In scene 2 of Act 2, Macbeth has just killed Duncan and he is in a stunned state.  He shows remorse when he looks at his bloody hands, when he can't go back into Duncan's room and look at him, and when he says that he wishes the knocking at the gate could waken Duncan.  In scene 3, Macbeth shows cunning when he quickly kills the guards and then declares that his rage over their crime caused him to do so.  His desire to get away with his crime overruns his remorse.

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How does Lennox's description of the night compare to the Macbeths' experience in the previous scene in Macbeth?

In Shakespeare's Macbeth, comparing Act Two, scene two and theMacbeths' experiences, and Act Two, scene three and Lennox'sobservations, it is safe to say that both evenings seem to be controlled by chaos and death.

It is, of course, in Act Two, scene two, that Mabeth and his wife carry out the murder of King Duncan. Macbeth is greatly disturbed by what he has done: sounds nearby distress him enormously. He returns from the scene of Duncan's death, and his warrior's courage has deserted him—perhaps because he has not acted honorably and bravely for his King, but is a dishonorable, frightened murderer of his King.

As soon as the King has been killed, nature reflects an imbalance within the world: Elizabethans believed that once Duncan was killed, the world was out of sorts. They felt that God ordained who came to the throne, not men. In this case, however, Macbeth has taken the God-chosen King from the throne, disrupting the Great Chain of Being. (Until the throne is once again in the hands of the rightful heir to the throne, this imbalance will not end.)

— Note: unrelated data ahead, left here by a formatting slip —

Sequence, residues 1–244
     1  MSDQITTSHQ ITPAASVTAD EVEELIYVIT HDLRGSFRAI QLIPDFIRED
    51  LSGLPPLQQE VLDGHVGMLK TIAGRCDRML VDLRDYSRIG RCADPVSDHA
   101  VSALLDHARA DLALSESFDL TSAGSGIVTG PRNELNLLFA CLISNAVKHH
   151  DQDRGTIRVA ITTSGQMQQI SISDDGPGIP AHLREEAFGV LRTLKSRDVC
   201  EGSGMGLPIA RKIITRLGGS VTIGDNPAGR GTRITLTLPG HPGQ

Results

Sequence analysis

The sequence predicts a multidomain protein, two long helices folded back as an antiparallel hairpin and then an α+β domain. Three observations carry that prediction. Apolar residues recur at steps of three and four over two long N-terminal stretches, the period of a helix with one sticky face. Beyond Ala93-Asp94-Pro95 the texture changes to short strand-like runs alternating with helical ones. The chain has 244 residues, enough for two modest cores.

It is important to note that in line fifteen of this scene, as Macbeth returns and wonders fearfully what sound he has heard, Lady Macbeth responds that she heard an owl's scream (a harbinger of death) as well as the sound of crickets "crying." Macbeth then recounts what happened as he carried out the deed: while the guards spoke in their sleep, calling out, "Amen," Macbeth was unable to do so. He seems unaware that murdering his King mightseparate him from the will of God, and that his creator might be far-distanced from the man who has killed His chosen ruler of Scotland.

Macbeth has also, to his wife's horror, brought the murder weapons back with him. He refuses to put them back:

I'll go no more:

I am afraid to think what I have done;

Look on't again I dare not. (50-52)

In the following scene (three), Lennox comments on the behavior of nature and its creatures the night before, saying that the night was "unruly." Lennox describes a terrible wind that knocked down a chimney. Others reported that they heard "wailing" (lamenting) and "strange screams of death," and even an earthquake. The term "confused events" translates to "disorder," which reflects thedisruption of order that Macbeth's actions have caused. And again, the screams of the owl are heard.

While this might foreshadow the discovery of Duncan's murder, it also parallels what was occurring immediately after Macbeth killed the King.

Interestingly, Macbeth in scene two is in much the same condition as the guards when they are "discovered." When Macbeth returns to his chambers, he is covered with Duncan's blood—looking fearful. His wife tells him: "Go get some water, / And wash this filthy witness from your hand." We can imagine that he is distracted as well: he is hearing noises and rambles on about prayers he can't say and voices he hears (in his head?) that whisper "Macbeth does murder sleep..." He is frantic, and even refuses to return the murder weapons to Duncan's room.

When the guards wake in the morning to the ravings and clamoringaround them, they are much the way Macbeth was the previous night: they are confused, covered in blood, and giving the appearance of being dangerous...

They stared and were distracted, no man's life

Was to be trusted with them. (114)

Ironically, these descriptions of Macbeth the night before and the guards the next day are very similar, as are the sounds heard during the night.